A video claiming to show streets and vehicles in a Chinese neighborhood has gone viral online, racking up millions of views across social media networks.
The video shows someone walking down the street, past cars with some worm-like debris on top of the hoods and windshields, sliding down the sides of the vehicles. One person can be seen in the video carrying an umbrella.
“WATCH: China citizens told to find shelter after it looked like it started to rain worms,” one tweet with more than 12 million views says.
Did it really rain worms in China, as the viral posts claim?
No, it didn’t rain worms in China. The video shows catkins, which are flowers from poplar trees.
WHAT WE FOUND
The video actually shows flowers, also known as catkins, from poplar trees that covered cars and a street in China’s Liaoning Province.
The Ministry of Public Security in China confirmed the location where the viral video was taken in a post to Weibo, a Chinese social network. The post from China’s police called into question the claim and attributed the worm-like debris to the trees.
The post implies people should do their research before assuming, by saying: “This story tells us we must read more!” The post was written in Chinese and translated via Google Translate.
The video from the street was first posted on March 1 by Chinese news agency Dongyang Daily to Douyin, the Chinese equivalent of TikTok. This is the earliest version of the video VERIFY found posted online.
The caption with that video, written in Chinese and translated via Google Translate says: “Poplar flowers falling all over the roof of the car look like bugs from a distance.”
The catkins seen in the videos come from the populus tomentosa, known simply as the Chinese poplar tree. The poplar tree has two types of flowers – male and female. Female poplar flowers appear like snow when they fall from the tree, and the male counterpart appears to have the worm-like features seen in the video. The trees are located all over China, including in the Liaoning Province, and the flowers fall off the branches and drop, or travel by wind.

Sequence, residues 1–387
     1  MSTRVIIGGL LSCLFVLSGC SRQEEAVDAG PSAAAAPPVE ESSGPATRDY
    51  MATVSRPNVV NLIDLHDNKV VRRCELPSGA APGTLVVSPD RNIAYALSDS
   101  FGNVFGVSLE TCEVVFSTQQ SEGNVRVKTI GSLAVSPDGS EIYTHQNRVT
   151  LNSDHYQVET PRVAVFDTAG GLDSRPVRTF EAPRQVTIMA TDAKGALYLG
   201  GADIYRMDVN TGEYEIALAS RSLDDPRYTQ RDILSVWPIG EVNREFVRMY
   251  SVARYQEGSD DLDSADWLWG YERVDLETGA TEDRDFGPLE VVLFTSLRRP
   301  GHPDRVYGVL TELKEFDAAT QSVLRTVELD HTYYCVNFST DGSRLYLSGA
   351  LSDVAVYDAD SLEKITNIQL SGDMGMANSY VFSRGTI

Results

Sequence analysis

The Observer, a Chinese media site, posted about the flowering on Weibo. Their post also included other photos of the same poplar debris from other areas around China.
VERIFY was not able to independently geolocate the street featured in the video. China’s government, which regulates most of the internet in the country, doesn’t grant permission for navigation sites like Google to have street view access.
But, the same license plates seen in the video can be matched to license plates used in the Liaoning Province. The Chinese symbol for Liaoning is the first symbol on the plate.
In April 2021, this video was posted to Douyin that shows another angle of the poplar plants littering another street in the Liaoning Province. The same debris appears on those cars, as well.
That video caption, also translated using Google, said: “The spikes of poplar flowers in Benxi, Liaoning covered the roof of the car. Netizens: The car was just washed for nothing!"
Sohu, another South China news agency, also reported on the flowering at about that same time. The article said the flowers are a sign of spring and were a nuisance to sanitation workers.